More subtle hypotheses arise when we examine religious attendance across major categories of religious affiliation. The exact same percentage of Protestants and Catholics never attend church – 12.8 percent, but the fraction is higher for the Jewish group, 26.6 percent. Consider this hypothesis: staying away from religious services tends to make a person become Jewish. While not logically impossible, this hypothesis would not make sense to anybody who knew anything about the major western religious traditions. Some non-religious people respect Judaism as their own ethnic heritage, or assuming that is what the survey researcher is asking about, check the “Jewish” box on the questionnaire. In addition, some Jewish families practice their faith within their family households, rather than in public. So there is ample scope for a research project on why so many people who consider themselves to be Jewish stay away from religious services, thus treating “Jewish” as an independent variable whose effect needs to be explained on the dependent variable of “never attending.” But treating “Jewish” as the dependent variable would not make a plausible study.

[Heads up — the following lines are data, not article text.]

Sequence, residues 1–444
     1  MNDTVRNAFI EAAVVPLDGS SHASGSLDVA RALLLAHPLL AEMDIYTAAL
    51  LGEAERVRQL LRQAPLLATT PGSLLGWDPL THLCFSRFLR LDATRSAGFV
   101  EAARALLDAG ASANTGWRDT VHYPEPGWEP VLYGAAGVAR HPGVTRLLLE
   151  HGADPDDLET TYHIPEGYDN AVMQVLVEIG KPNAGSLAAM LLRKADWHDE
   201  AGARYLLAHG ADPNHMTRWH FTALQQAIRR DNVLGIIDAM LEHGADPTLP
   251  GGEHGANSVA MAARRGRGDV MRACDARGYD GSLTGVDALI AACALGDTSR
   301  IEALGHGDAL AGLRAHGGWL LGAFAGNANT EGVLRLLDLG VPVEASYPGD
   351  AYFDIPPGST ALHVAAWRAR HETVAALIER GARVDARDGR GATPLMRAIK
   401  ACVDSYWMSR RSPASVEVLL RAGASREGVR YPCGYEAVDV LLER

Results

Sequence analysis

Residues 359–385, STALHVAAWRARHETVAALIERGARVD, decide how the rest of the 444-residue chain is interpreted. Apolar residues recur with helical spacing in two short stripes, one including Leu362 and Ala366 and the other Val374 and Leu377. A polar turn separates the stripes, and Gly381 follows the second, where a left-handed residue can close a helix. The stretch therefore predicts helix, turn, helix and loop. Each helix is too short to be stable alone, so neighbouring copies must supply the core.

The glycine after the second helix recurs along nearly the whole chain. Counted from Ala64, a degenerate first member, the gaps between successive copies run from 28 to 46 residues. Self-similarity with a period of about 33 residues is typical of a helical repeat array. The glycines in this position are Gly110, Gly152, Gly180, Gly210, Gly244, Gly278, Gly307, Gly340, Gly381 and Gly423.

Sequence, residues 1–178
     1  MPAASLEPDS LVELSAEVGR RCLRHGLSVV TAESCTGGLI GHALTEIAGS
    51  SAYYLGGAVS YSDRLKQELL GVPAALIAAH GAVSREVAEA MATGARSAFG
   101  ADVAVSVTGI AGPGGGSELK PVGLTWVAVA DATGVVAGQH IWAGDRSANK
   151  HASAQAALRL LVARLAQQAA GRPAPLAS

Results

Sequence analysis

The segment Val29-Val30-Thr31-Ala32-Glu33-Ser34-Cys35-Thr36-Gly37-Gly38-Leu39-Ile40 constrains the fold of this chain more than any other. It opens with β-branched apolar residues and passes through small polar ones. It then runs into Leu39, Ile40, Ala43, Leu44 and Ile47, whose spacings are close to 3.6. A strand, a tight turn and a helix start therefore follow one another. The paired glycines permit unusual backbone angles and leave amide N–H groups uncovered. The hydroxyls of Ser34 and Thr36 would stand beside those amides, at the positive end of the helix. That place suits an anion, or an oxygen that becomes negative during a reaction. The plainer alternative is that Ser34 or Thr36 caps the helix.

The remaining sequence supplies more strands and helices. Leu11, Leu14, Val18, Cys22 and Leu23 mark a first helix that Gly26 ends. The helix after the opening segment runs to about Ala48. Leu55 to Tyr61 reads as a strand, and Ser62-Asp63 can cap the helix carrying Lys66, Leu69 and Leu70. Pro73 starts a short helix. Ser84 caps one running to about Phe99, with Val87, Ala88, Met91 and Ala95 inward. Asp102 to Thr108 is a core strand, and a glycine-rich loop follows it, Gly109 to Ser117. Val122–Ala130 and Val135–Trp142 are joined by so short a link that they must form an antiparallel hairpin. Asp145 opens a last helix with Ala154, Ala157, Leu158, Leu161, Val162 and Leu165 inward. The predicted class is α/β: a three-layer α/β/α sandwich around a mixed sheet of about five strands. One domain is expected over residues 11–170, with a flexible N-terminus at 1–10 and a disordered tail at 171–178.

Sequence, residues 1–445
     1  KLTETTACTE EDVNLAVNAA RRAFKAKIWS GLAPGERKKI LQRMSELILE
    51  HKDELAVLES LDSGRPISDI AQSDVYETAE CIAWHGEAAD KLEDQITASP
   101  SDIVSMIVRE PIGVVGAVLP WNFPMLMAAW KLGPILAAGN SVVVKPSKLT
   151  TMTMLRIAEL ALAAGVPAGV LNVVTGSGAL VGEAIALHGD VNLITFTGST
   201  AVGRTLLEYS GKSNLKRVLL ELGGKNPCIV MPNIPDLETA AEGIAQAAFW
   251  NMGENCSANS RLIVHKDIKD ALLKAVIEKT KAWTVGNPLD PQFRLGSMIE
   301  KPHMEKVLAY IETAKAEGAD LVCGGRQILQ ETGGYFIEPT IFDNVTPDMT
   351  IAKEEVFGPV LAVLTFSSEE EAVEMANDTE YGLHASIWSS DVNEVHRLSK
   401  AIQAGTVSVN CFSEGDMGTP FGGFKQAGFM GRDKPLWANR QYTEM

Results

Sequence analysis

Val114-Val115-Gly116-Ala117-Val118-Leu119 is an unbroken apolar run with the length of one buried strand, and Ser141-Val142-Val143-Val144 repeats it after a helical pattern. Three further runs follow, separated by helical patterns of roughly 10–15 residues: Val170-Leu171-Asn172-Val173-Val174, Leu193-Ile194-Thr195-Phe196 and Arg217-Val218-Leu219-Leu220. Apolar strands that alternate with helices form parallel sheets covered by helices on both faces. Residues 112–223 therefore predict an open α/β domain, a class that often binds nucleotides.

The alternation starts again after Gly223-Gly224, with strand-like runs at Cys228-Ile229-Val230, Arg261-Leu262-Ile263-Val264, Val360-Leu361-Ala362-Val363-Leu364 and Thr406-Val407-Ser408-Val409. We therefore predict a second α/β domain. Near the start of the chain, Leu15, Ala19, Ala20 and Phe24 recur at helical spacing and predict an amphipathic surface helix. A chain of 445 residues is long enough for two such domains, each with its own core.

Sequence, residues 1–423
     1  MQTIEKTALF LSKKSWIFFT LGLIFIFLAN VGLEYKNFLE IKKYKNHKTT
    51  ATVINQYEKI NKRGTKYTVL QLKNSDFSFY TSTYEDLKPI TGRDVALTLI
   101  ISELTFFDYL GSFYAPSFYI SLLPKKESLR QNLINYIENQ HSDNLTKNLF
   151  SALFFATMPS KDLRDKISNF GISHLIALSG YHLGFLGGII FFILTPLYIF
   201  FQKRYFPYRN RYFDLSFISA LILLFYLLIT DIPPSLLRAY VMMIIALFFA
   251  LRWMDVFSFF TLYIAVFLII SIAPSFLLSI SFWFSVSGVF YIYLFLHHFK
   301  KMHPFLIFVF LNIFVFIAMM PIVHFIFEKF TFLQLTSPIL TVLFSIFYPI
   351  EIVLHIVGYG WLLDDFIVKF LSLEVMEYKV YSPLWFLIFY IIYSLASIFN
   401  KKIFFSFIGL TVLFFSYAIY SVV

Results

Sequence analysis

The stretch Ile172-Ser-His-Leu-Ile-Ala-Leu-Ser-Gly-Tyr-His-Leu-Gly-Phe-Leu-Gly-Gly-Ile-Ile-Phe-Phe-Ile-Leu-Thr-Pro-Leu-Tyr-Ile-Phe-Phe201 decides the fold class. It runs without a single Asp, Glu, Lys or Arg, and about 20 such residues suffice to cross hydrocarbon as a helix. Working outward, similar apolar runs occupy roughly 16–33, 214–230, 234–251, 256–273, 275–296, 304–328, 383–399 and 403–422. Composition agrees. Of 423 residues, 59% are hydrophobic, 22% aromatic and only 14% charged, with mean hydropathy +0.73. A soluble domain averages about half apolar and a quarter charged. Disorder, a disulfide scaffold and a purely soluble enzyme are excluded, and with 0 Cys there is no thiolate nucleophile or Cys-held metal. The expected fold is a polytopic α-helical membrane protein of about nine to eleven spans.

Among those who are agnostics, atheists, or express no preference, fully 63.6 percent never attend religious services. This may seem completely uninteresting, and one might say: “Of course, people who lack faith will never attend church, so why bother even mentioning that fact.” This explanation. however, is too simplistic. It assumes that being atheist is a permanently independent variable, such as being male or female. One could argue with some plausibility that the reverse is true: Failure to attend religious services over a period of years will tend to make people lose religious faith, to the point that some of them become atheists. A more likely explanation is that both lack of faith and lack of attendance are dependent variables, and the independent variable is something like being raised by parents who were not religious.